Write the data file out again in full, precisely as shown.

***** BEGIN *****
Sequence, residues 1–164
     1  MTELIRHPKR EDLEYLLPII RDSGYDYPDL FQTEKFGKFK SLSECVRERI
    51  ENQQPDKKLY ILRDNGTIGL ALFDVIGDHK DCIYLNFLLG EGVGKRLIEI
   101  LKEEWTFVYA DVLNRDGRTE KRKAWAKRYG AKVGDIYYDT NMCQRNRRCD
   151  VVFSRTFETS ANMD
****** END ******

Sequence, residues 1–164
     1  MTELIRHPKR EDLEYLLPII RDSGYDYPDL FQTEKFGKFK SLSECVRERI
    51  ENQQPDKKLY ILRDNGTIGL ALFDVIGDHK DCIYLNFLLG EGVGKRLIEI
   101  LKEEWTFVYA DVLNRDGRTE KRKAWAKRYG AKVGDIYYDT NMCQRNRRCD
   151  VVFSRTFETS ANMD